Tuesday, December 20, 2005
New York Times: "It was back in 1964, outside Cairo, near the famous Step Pyramid in the necropolis of Saqqara and a short drive from the Sphinx and the breathtaking pyramids at Giza. The newfound tomb yielded no royal mummies or dazzling jewels. But the explorers stopped in their tracks when the light of their kerosene lamp shined on the wall art in the most sacred chamber.
There, carved in stone, were the images of two men embracing. Their names were inscribed above: Niankhkhnum and Khnumhotep. Though not of the nobility, they were highly esteemed in the palace as the chief manicurists of the king, sometime from 2380 to 2320 B.C., in the time known as the fifth dynasty of the Old Kingdom. Grooming the king was an honored occupation.
Archaeologists were taken aback. It was extremely rare in ancient Egypt for an elite tomb to be shared by two men of apparently equal standing. The usual practice was for such mortuary temples to be the resting place of one prominent man, his wife and children.
And it was most unusual for a couple of the same sex to be depicted locked in an embrace. In other scenes, they are also shown holding hands and nose-kissing, the favored form of kissing in ancient Egypt. What were scholars to make of their intimate relationship?"
Over the years, the tomb's wall art has been subjected to learned analysis, inspiring considerable speculation. One interpretation is that the two men are brothers, probably identical twins, and this may be the earliest known depiction of twins. Another is that the men had a homosexual relationship, a more recent view that has gained support among gay advocates.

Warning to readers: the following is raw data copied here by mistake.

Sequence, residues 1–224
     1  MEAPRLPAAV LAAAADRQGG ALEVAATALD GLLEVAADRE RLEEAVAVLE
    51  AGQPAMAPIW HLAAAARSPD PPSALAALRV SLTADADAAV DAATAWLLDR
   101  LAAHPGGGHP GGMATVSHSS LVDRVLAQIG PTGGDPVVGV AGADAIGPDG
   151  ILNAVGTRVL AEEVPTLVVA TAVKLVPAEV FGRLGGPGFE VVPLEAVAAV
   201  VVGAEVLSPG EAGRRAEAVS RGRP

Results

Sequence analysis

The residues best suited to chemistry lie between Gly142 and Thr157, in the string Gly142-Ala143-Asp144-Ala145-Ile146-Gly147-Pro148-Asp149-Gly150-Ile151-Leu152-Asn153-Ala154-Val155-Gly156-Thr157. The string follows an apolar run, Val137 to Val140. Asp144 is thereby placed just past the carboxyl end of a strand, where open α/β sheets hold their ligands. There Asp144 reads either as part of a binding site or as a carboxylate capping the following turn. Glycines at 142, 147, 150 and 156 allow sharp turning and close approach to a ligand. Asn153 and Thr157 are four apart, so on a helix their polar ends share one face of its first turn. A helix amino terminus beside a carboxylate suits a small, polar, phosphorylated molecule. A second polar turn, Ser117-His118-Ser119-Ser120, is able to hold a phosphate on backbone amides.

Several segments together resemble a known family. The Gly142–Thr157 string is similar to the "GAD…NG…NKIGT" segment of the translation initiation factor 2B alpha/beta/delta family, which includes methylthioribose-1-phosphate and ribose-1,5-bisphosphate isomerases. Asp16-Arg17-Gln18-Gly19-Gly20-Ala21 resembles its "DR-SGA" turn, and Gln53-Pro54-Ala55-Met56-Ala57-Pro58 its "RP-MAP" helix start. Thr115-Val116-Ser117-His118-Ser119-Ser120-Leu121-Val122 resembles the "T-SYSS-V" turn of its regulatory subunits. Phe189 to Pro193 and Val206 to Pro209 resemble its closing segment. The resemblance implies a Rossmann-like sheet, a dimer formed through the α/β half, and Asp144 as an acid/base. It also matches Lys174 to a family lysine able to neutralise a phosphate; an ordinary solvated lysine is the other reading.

Now, an Egyptologist at New York University has stepped into the debate with a third interpretation. He has marshaled circumstantial evidence that the two menmay have been conjoined twins, popularly known as Siamese twins. The expert, David O'Connor, a professor of ancient Egyptian art at the N.Y.U. Institute of Fine Arts, said: "My suggestion is that Niankhkhnum and Khnumhotep were indeed twins, but of a very special sort. They were conjoined twins, and it was this physical peculiarity that prompted the many depictions of them hand-holding or embracing in their tomb-chapel.
Most Egyptologists accept the normal-twins interpretation advanced most prominently by John Baines, an archaeologist at the University of Oxford in England.
And he noted that the gay-couple hypothesis had become the popular idea in the last decade. The gay argument leans on the analogy with depictions of married heterosexual couples in Egyptian art, which was first suggested by Nadine Cherpion, a French archaeologist.
When Dr. O'Connor looked into the matter, he was struck by a comparison of the images of the two men with pictures of Chang and Eng, the famous conjoined twins born in 1811 in Siam. They were seen close together, arm in arm. They and a number of documented conjoined twins also had wives and children and engaged in strenuous activities, much like the hunting and fishing of the two Egyptians.
Their names, Niankhkhnum and Khnumhotep suggest another clue, Dr. O'Connor said. Both names refer to the god Khnum, the deity who fashions the form of a child in the womb. Though not an uncommon part of Egyptian names, in this case it might be a play on words to signify their paired lives.
David Silverman, an Egyptologist at the University of Pennsylvania, and his student Joshua Robinson pointed out to Dr. O'Connor that the name Khnum was also similar to the ancient Egyptian word khenem, which means "to unite" or "be united.""